Committee members greatly appreciated their testimony and asked inciteful questions to gain additional information and clarification. By the end of their testimony, it was clear committee members understood the workforce shortage is real and the Medicaid rates are antiquated. WiAHC leaders are hopeful it will receive a vote in the coming weeks.
The Senate Committee on Health also unanimously passed Senate Bill 380, authored by Senator Dale Kooyenga (R-Brookfield) and Representative Amy Loudenbeck (R-Clinton), allows any Medicaid provider to seek and receive reimbursement for services provided via telehealth technology. The Assembly Committee on Medicaid Reform and Oversight passed the Assembly version, Assembly Bill 410, on October 30. WiAHC’s lobbyist advocated for the bills before the committee members throughout October.
The next step for Senate Bill 380 and Assembly Bill 410 would be to receive votes in their respective houses. WiAHC’s lobbying team is working with legislative leaders to try to schedule those bills.
On Wednesday, October 23, the State Senate Committee on Health and Human Services held a public hearing on Senate Bill 416, which seeks to increase Medicaid rates for home health care services by 10%. Members of the Wisconsin Association for Home Health Care (WiAHC) provided crucial testimony on the need for high Medicaid rates to address the home health care workforce shortage.
WiAHC members Lisa Kirker and Colleen Shade testified before the committee. Both Kirker and Shade are home health care agency administrators with backgrounds in nursing. Their crucial testimony illustrated the workforce crisis Wisconsin’s home health care agencies face.
In Wisconsin, Registered Nurses (RNs) are disproportionately represented in nearly all other areas within the healthcare industry. RNs working in home health settings make up just 6% of the total nursing workforce in the state, according to the Wisconsin Center for Nursing. Nationally, RNs working in home health settings make up nearly 13% of the total nursing workforce, according to the Bureau of Labor Statistics.
This is caused, in part, by outdated Medicaid reimbursement rates. Home health agencies have not received a Medicaid reimbursement increase for skilled nursing visits in ten years. When home health agencies do not receive adequate reimbursement, they cannot provide staff with competitive reimbursement. “It is hard to recruit a nurse and be comparable in wages to a hospital,” Kirker told legislators. “When we don’t have staff, we can’t take new patients.”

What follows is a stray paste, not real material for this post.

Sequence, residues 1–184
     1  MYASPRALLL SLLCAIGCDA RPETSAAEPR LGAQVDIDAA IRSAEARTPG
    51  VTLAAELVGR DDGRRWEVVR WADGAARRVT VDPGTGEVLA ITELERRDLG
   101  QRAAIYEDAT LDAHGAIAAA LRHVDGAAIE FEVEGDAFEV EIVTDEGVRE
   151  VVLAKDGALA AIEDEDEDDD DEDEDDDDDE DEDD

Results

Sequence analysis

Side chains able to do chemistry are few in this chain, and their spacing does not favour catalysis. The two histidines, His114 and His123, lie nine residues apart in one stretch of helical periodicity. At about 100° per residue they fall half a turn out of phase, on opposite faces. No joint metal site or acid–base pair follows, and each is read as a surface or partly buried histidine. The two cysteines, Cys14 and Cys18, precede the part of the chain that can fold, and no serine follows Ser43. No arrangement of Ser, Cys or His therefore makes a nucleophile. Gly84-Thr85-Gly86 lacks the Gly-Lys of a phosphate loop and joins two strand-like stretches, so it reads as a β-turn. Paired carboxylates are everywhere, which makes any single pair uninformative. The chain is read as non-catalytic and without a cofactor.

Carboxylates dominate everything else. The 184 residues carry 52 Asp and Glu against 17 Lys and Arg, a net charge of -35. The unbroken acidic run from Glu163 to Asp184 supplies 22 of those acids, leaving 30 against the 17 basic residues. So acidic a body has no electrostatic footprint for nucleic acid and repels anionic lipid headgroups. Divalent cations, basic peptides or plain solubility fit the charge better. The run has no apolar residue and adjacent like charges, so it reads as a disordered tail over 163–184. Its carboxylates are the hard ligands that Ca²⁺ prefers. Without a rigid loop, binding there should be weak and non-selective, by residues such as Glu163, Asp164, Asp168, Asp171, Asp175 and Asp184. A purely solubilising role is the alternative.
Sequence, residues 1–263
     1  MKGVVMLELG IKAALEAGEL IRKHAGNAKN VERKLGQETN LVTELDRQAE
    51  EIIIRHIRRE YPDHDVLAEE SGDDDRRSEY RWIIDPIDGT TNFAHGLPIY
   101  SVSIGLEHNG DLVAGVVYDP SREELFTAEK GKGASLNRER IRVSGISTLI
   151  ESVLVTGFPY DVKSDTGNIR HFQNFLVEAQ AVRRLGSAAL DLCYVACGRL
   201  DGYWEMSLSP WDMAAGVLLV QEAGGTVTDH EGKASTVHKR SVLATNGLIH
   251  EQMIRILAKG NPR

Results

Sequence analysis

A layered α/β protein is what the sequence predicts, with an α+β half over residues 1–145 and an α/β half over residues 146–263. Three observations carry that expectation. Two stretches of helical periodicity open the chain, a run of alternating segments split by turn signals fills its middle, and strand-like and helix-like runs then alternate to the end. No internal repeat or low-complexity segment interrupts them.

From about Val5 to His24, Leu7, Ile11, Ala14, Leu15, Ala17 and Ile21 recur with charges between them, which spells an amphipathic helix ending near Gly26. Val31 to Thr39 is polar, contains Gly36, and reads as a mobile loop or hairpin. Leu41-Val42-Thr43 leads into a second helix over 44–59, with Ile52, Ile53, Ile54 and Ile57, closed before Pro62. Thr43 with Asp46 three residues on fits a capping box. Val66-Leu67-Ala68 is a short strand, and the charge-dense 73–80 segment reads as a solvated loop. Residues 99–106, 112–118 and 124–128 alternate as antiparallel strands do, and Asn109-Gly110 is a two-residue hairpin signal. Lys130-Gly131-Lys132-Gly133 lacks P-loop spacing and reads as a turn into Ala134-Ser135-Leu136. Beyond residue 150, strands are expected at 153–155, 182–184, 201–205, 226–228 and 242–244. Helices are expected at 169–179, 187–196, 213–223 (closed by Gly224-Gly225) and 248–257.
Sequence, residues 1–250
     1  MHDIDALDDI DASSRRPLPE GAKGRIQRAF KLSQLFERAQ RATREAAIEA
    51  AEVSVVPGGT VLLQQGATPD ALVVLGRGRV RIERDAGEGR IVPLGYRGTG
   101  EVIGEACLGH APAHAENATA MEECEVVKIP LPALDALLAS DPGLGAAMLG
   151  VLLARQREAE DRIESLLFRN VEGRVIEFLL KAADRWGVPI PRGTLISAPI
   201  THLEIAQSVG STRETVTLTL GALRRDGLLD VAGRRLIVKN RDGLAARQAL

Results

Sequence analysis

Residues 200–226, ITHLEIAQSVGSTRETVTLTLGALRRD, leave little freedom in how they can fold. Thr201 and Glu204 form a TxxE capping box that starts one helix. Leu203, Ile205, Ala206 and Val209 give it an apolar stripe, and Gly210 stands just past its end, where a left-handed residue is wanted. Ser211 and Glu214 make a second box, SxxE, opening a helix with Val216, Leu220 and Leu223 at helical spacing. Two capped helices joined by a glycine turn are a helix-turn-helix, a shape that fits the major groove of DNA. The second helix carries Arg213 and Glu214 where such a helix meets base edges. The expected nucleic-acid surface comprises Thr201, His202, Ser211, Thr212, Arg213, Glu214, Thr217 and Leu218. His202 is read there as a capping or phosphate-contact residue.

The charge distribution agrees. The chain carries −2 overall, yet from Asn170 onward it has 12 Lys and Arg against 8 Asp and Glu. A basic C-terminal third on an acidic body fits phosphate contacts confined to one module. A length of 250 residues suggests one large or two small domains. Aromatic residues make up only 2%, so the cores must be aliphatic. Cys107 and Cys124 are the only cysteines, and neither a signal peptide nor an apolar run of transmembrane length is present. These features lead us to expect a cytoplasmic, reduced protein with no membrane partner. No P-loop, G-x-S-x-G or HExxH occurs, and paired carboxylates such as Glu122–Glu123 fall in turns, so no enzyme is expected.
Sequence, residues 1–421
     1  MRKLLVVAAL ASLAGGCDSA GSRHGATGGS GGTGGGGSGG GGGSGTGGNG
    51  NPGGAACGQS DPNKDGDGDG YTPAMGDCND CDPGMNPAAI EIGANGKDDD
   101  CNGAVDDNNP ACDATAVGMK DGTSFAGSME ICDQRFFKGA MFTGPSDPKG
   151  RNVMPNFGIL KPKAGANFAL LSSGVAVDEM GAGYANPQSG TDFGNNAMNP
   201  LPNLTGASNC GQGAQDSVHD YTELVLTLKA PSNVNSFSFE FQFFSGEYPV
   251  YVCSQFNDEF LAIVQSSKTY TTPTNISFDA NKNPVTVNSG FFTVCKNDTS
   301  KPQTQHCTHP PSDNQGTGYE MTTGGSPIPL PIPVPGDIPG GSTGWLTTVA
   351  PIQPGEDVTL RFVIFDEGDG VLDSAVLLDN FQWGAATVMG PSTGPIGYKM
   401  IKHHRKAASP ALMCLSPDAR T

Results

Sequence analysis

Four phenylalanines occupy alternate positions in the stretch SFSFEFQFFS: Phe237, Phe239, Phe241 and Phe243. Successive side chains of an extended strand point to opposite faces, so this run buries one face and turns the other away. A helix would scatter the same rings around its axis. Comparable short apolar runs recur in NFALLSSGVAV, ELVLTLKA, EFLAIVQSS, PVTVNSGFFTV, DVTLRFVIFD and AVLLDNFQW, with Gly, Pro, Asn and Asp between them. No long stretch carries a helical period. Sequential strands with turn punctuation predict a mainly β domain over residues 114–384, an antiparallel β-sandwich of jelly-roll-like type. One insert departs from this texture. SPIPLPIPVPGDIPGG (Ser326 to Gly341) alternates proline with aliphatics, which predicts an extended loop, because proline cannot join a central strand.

Home health agencies need Medicaid rates to keep up with healthcare costs in order to staff agencies and provide low-cost, high-quality healthcare to patients in need. The demand for home health services is only going to increase.
“We know in 2025, 1.3 million people will be in need of homecare services,” Shade said. “Without an increase, [providing access to services] will continue to be a challenge.”
Kirker and Shade were grateful for the opportunity to testify and WiAHC hopes the bill will continue through the legislative process.
The Wisconsin Association for Home Health Care is a membership-based association that represents home health care agencies and their staff across the state. Wisconsin’s home care agencies provide care to Wisconsin residents throughout the year, and the more than 14,000 garners more than $386 million in wages. WiAHC members are committed to make sure home health care remains a high-quality, cost-effective health care option in our state.
Nominate a yourself or a colleague to serve on the WiAHC Board of Directors today!
WiAHC is run by a volunteer Board of Directors. Board members are elected annually to staggered three-year terms. Board members develop and manage the affairs of the Association and are supported by Committee Chairs and staff. Positions include Chair, Vice-Chair, Secretary/Treasurer, and Regional and At-Large Representatives.
Positions serve a three-year term, starting January 2020. Those elected will also be invited to attend the final Board meeting of 2019.
To be eligible, a nominee's home health agency must be a current member of WiAHC.
How to Nominate
Nominating is easy, quick and simple!
Submit a nomination by completing the call for nominations form on the WiAHC website.
The deadline to submit nominations is October 25, 2019.
On September 20, Senator Patrick Testin (R – Stevens Point), Senator Jon Erpenbach (D – West Point), and Representative Chris Taylor (D – Madison) introduced a bipartisan medical marijuana bill.